Removing Support for Third Party Closed Source Modules

Hi developers,

Games can import code modules dynamically using the require function. Currently we allow closed source modules to be used within a game even if the game creator does not have access to the code. This poses a serious risk because models can contain malicious code and developers have no way to audit the code. Additionally, our platform does not contain any sandboxing support so modules can do anything game scripts can do, such as writing to data stores or teleporting players to another game. We have no protections in place for this.

On February 1st, we will be removing the ability to use closed source modules from other creators on the platform. If you want other developers to use your modules, you must open them to the public or publish them under the same account as the game.

Soon we will start showing warnings in Output for games which will be affected. You will be able to use the in-game Developer Console to view these warnings.

Here are the steps to change a module from private to public:

  1. Go to the Create page
  2. Click “Models”
  3. Find the module you want to change
  4. Click the cog icon and select “Configure”
  5. Check the “Allow Copying” checkbox
  6. Click “Save”

Longer term, we are investigating the following:

  • Providing sandboxing for scripts so that developers have full control over what code they import can do in their game. This may eventually allow us to reintroduce closed source modules once we have put certain safeguards in place.
  • Allowing creators to share code and other assets with specific users instead of the entire platform.

I am going to have to hope nobody steals my admin system, re-upload it as their own, and call mine a copy…


Despite the drawbacks, I think this is the right move.
The manpower required to audit private modules is infeasible, and the ability for developers to hide anything inside of a private module is dangerous.


I’d have preferred it as opt-in setting in the game rather than removing the possibility entirely though. That way people would be making a conscious choice to risk it.


This is great news!


@Seranok I’ve been looking everywhere and I can’t find a solid answer, but are LinkedSource scripts guaranteed the same protection as private modules?


This is correct. I was thinking about the requirements before seeing this (i.e. a developer having thousands of lines of code to go through), but there is also the lack of context of where the code would be used. If you see a Lua VM as an admin console, you wouldn’t know if it is for a single game that the owner approves, or if it is planned to be used in something like the current backdoor problem with plugins.


This was the right call. I understand why people are upset with this, but the consequence of allowing private modules is far more significant than just leaving all of them in an open-source state.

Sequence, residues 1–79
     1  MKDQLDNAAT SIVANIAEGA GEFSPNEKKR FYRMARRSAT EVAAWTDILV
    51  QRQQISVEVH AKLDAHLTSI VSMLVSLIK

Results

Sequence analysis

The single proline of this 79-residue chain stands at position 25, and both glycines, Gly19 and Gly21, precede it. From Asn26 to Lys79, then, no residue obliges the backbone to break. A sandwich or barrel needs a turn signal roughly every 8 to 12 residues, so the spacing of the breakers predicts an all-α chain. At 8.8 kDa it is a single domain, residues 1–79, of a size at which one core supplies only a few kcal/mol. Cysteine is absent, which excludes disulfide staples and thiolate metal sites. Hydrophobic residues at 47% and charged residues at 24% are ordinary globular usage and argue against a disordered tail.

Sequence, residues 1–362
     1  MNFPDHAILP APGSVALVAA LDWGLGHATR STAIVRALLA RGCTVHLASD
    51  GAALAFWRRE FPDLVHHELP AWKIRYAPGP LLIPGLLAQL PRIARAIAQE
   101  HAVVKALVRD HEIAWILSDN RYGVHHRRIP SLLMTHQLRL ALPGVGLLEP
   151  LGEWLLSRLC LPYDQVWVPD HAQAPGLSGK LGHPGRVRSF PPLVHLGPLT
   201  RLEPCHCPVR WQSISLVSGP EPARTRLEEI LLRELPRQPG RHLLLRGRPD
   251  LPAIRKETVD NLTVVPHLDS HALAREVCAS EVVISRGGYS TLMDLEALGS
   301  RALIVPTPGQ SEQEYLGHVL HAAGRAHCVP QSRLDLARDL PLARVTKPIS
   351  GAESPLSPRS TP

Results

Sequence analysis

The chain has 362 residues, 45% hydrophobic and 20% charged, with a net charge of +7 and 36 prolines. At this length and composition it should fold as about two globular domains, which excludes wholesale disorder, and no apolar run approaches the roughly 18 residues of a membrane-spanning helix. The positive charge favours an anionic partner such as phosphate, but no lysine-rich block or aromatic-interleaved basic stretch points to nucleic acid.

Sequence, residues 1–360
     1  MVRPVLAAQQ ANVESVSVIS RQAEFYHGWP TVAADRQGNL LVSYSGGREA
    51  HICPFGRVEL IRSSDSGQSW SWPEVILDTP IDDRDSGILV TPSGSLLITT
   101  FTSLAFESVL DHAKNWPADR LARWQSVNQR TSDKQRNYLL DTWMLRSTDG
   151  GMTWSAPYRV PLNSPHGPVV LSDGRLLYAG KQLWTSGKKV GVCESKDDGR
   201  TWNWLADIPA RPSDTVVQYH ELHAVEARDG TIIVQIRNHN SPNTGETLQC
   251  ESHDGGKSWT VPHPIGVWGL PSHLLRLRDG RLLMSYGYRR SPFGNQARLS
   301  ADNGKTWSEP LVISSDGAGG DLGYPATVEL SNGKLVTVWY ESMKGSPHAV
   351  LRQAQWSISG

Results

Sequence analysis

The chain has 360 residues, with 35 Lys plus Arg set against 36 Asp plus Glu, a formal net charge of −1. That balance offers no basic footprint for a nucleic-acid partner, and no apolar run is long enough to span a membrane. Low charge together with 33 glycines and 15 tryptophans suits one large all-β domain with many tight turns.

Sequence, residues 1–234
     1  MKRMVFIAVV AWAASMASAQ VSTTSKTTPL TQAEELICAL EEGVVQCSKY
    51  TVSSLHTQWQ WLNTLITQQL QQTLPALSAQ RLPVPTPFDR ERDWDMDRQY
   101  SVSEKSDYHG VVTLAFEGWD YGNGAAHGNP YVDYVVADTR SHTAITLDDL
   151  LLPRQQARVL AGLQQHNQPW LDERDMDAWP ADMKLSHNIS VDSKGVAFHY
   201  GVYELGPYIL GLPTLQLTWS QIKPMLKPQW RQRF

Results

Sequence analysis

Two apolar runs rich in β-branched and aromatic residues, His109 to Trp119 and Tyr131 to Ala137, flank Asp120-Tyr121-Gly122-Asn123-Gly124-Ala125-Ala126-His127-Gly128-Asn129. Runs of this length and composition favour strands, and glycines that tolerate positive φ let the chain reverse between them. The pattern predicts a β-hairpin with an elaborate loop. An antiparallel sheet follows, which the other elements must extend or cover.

I have to agree with Clone here, honestly. Still though, I think allowing developers to tick a flag in their games to allow this feature to continue running would also be a good idea. This doesn’t seem to affect auto-updating scripts for the creators of said scripts in their games which is good in my opinion.

Also, @wravager, I’m pretty sure LinkedSource won’t be affected by this since you’re not publishing the scripts to the website - they’re only in your game.


I asked about their source protection, not if they are being removed.


I have to agree with @TheRings0fSaturn.

I think that many developers would like to see the ability to release creations without their users being able to access the coding. I understand why this move is being made but I feel there needs to be a replacement feature, or an amendment like I will suggest, before it is rolled out.

I believe that the usage of closed source modules should be an opt-in feature. An “allow closed source modules” setting, which defaults to be off, should be available to developers which will allows them to require closed source modules if enabled. A notice about the possible malicious nature of allowing closed source modules can be included here.





If the scripts are Module or Local, I’m pretty sure exploiters can still gain access to the source, just due to the fact those scripts don’t have any kind of auto-obfuscation or having the characters show up as null and copying that script to a game would render it useless.


You know it’s funny because just yesterday I was looking at a thread discussing closed source modules and a debate based on them. Personally, I have to say that this judgement call was most effective.

Closed source modules were too much of a risk, whether they were being used as backdoors in maliciously botted plugins or just modules at all. We haven’t a clue what code people are running on our servers and that is VERY dangerous. Any code you include in your game should objectively always be accessible to it’s developers. What’s the point otherwise? You can’t see it, you can’t update it, you have no control except inserting or removing it.

Good. I am very pleased with this.


This is gonna cause an issue for anyone who makes or has made proprietary scripts on roblox. It is at the developers discretion to use private modules in their game, if they can’t trust the module then quite simply, don’t use it. Roblox shouldn’t remove this feature entirely.


This is a really smart solution. Thank you so much!


Not necessarily. Have you seen the malicious plugins using private modules to load in scripts that you definitely do not want in your game?

Don’t worry, in the long term, private modules will come back


Didn’t know about the plugins loading in private modules, that is dodgy. The models however are a different matter.


Models do the same thing.


But it’s your choice if you use a model that requires a private module.